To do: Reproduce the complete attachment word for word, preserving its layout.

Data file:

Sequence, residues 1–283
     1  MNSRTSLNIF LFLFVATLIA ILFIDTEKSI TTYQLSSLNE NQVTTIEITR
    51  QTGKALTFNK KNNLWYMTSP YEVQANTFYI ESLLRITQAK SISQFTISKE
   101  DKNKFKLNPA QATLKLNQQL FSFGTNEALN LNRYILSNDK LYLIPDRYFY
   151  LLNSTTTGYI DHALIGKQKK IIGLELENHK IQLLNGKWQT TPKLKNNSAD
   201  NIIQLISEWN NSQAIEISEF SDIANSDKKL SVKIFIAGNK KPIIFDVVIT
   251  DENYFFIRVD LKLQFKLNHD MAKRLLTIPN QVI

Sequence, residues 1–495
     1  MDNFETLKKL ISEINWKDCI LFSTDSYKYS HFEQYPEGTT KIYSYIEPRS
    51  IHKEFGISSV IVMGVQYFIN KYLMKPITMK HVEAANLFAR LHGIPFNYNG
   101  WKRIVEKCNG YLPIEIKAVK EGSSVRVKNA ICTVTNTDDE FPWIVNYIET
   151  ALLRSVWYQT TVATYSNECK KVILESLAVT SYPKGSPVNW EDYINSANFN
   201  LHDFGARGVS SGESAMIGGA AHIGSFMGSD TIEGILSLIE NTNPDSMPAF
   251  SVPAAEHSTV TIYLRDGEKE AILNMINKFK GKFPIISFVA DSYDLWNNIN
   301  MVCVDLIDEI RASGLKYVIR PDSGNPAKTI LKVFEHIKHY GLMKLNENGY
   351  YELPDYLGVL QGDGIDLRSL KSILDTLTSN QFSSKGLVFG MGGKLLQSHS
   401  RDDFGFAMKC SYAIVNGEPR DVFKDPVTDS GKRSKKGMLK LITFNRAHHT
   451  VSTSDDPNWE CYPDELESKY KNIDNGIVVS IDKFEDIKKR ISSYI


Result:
Sequence, residues 1–283
     1  MNSRTSLNIF LFLFVATLIA ILFIDTEKSI TTYQLSSLNE NQVTTIEITR
    51  QTGKALTFNK KNNLWYMTSP YEVQANTFYI ESLLRITQAK SISQFTISKE
   101  DKNKFKLNPA QATLKLNQQL FSFGTNEALN LNRYILSNDK LYLIPDRYFY
   151  LLNSTTTGYI DHALIGKQKK IIGLELENHK IQLLNGKWQT TPKLKNNSAD
   201  NIIQLISEWN NSQAIEISEF SDIANSDKKL SVKIFIAGNK KPIIFDVVIT
   251  DENYFFIRVD LKLQFKLNHD MAKRLLTIPN QVI

Sequence, residues 1–495
     1  MDNFETLKKL ISEINWKDCI LFSTDSYKYS HFEQYPEGTT KIYSYIEPRS
    51  IHKEFGISSV IVMGVQYFIN KYLMKPITMK HVEAANLFAR LHGIPFNYNG
   101  WKRIVEKCNG YLPIEIKAVK EGSSVRVKNA ICTVTNTDDE FPWIVNYIET
   151  ALLRSVWYQT TVATYSNECK KVILESLAVT SYPKGSPVNW EDYINSANFN
   201  LHDFGARGVS SGESAMIGGA AHIGSFMGSD TIEGILSLIE NTNPDSMPAF
   251  SVPAAEHSTV TIYLRDGEKE AILNMINKFK GKFPIISFVA DSYDLWNNIN
   301  MVCVDLIDEI RASGLKYVIR PDSGNPAKTI LKVFEHIKHY GLMKLNENGY
   351  YELPDYLGVL QGDGIDLRSL KSILDTLTSN QFSSKGLVFG MGGKLLQSHS
   401  RDDFGFAMKC SYAIVNGEPR DVFKDPVTDS GKRSKKGMLK LITFNRAHHT
   451  VSTSDDPNWE CYPDELESKY KNIDNGIVVS IDKFEDIKKR ISSYI